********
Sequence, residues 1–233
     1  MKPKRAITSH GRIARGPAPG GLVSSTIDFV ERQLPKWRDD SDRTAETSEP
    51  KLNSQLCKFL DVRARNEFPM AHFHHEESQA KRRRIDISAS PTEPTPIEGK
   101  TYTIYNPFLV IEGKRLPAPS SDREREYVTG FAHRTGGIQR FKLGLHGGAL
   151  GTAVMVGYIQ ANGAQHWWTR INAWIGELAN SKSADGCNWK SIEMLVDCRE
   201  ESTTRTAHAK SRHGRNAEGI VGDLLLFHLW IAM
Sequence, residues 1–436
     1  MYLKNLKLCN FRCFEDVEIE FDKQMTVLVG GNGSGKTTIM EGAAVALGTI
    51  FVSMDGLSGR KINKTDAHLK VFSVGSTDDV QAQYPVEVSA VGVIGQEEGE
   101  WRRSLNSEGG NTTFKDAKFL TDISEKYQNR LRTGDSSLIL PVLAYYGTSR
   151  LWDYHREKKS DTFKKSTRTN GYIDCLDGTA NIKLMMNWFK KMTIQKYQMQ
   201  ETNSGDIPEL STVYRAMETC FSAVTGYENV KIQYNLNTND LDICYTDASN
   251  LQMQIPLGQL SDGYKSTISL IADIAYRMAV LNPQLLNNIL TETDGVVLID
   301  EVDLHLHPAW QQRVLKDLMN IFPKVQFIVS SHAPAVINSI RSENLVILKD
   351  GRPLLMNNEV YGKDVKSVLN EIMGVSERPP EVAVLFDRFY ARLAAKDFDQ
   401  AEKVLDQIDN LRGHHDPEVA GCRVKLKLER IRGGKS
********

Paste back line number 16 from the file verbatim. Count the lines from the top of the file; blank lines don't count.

   401  AEKVLDQIDN LRGHHDPEVA GCRVKLKLER IRGGKS